One of the Colina group members recently testified in the trial of former president, Alberto Fujimori, that the government assured they would be given amnesty in order to avoid charges that could be brought against them.
What happened from 1992 until 2000 confirms that the lack of investigation was a political priority of the regime, where the power remained very concentrated, hidden and unchecked. Let’s remember what happened.
In November of 1991, the senate created a commission in charge of investigating the extrajudicial executions that occurred in Barrios Altos, carried out by the Colina group. Unfortunately, this commission was not able to finish its mission and was dissolved due to the coup d’état on April 5, 1992.
Four years later, in 1995, a valuable and exemplary prosecutor, Cecilia Magallanes, began an investigation of the events and Judge Antonia Saquicuray decided to begin a criminal trial.
However, the night of June 13, 1995, the majority political party, Change 90-New Majority, presented to a full Congress, a law that would offer amnesty to military officials, police or civil workers for all of the crimes committed as a consequence of the fight against terrorism from May 1980 to June 1995.
Having only to rely on the majority of the unicameral Congress, a majority that was in agreement with the surprise laws – no approval was required from any commission of Congress – it enjoyed swift approval. In effect, Law 27479 was approved in the early hours of June 14 and made public the following day.
Despite this, the judges who were investigating the case of Barrios Altos said that the law was inapplicable because of its obvious unconstitutionality. In order to block this courageous decision, Law 26492 was announced, which declared that the previous Amnesty Law was not “revisable in the judicial branch.”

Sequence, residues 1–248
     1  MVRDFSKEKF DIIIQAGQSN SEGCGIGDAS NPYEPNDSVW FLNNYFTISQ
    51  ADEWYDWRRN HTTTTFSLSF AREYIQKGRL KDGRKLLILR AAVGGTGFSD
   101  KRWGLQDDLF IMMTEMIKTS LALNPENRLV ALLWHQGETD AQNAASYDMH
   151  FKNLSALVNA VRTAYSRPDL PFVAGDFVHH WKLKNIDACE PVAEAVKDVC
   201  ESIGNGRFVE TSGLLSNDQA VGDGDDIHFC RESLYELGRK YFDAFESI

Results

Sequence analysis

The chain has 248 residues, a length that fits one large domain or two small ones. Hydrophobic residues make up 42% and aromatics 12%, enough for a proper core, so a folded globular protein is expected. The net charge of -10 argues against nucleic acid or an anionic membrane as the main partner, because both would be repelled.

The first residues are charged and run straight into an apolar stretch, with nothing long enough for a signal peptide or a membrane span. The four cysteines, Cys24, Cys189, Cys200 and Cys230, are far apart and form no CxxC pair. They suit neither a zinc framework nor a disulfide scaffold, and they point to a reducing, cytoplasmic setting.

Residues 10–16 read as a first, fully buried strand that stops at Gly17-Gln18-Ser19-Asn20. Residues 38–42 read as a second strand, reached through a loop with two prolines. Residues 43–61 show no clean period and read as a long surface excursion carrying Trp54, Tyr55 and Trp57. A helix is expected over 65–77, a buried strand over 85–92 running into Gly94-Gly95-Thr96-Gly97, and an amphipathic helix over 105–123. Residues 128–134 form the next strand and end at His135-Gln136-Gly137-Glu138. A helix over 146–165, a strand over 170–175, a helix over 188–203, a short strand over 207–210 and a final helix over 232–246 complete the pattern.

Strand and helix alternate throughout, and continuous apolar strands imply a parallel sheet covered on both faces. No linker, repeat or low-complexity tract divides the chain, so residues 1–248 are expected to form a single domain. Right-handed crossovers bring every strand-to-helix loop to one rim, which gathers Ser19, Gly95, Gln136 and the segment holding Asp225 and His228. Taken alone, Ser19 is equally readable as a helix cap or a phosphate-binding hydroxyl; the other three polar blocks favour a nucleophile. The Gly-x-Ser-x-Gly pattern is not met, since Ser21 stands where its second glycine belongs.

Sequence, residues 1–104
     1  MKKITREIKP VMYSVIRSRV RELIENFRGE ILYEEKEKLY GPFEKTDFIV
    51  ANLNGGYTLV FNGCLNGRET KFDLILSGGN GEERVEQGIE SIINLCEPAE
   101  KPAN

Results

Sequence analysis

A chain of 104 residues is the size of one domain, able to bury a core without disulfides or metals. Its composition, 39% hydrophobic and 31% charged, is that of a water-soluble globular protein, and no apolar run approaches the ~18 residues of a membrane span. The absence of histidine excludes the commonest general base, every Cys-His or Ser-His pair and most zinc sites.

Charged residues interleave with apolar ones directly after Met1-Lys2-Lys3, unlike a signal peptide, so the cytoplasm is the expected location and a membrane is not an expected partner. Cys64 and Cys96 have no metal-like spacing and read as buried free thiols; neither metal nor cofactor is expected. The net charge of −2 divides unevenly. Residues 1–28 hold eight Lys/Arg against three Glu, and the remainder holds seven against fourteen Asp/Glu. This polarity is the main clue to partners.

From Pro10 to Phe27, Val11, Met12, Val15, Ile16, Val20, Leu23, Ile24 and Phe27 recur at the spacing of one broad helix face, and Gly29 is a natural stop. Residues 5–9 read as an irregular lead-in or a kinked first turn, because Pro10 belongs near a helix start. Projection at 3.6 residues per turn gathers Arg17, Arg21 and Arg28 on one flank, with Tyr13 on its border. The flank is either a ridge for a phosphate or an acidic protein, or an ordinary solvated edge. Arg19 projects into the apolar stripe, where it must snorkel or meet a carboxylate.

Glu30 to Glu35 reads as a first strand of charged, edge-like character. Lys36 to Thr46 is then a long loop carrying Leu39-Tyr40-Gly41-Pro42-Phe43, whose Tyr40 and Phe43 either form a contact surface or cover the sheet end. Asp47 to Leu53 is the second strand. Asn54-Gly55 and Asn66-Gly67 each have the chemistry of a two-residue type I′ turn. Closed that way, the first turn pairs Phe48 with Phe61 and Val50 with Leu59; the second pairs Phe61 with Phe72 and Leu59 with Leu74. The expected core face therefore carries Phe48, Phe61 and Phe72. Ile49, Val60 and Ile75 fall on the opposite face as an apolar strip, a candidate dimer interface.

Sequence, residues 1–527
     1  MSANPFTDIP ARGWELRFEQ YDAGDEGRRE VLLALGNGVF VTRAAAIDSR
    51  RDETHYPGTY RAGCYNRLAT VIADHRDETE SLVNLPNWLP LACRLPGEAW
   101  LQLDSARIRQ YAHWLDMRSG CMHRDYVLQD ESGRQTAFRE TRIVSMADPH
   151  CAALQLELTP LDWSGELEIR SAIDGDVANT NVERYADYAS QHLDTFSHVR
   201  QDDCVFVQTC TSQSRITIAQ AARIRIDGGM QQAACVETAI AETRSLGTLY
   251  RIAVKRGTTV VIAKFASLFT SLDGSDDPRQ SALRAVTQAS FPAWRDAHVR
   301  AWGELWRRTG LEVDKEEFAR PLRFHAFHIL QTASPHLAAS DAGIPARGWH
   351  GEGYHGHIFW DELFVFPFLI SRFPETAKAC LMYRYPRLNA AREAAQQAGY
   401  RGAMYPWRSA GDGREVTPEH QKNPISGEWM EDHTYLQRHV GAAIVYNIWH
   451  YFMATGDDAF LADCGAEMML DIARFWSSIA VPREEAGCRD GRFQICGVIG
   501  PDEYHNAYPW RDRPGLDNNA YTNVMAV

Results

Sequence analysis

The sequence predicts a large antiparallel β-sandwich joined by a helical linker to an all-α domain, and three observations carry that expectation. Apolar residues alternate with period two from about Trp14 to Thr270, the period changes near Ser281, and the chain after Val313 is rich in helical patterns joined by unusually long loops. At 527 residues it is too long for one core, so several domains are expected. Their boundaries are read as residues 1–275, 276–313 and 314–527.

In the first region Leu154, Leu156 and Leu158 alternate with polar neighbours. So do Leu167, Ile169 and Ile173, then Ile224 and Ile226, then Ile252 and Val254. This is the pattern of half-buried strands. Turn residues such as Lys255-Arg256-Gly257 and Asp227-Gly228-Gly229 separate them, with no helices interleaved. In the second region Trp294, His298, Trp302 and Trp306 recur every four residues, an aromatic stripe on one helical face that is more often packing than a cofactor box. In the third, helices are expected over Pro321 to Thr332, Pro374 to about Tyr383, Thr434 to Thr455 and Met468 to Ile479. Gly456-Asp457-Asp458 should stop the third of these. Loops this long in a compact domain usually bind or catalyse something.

Years later, in 2000, due to questioning of the electoral process, the Organization of American States sent a high level mission to Peru. A Roundtable Discussion and Agreement for the Strengthening of Democracy in Peru were later initiated, where representatives from both the government and opposition took part.
In a dialogue session in October 2000, after the announcement to shorten presidential mandate and call elections, the then justice minister and government representative presented a proposal for political agreement to be signed by both parties.
One of the central aspects of the proposal was the constitutionalization of the amnesty laws, even amplifying the law’s reach to “the cases of crimes committed in the context of the fight against drug trafficking.” The law offered an unacceptable proposal that was then rejected. However, this frustrated initiative confirmed the government’s interest in avoiding future investigations.
Concretely, the memory of what happened proves that the attempts for amnesty responded to a clear political strategy from a government that wanted to avoid all types of investigation. What happened leaves us with at least a few lessons. On the one hand, an order or a breach of human rights will always be investigated and amnesty – or a pardon – will not be avoided. The Inter-American Court for Human Rights demonstrated this with the case of Barrios Altos.
On the other hand, it is imperative to understand that in public policies, the end does not justify the means; respect for human rights is a fundamental component for policies’ validity. These are lessons that we should not forget.
Samuel Abad Yupanqui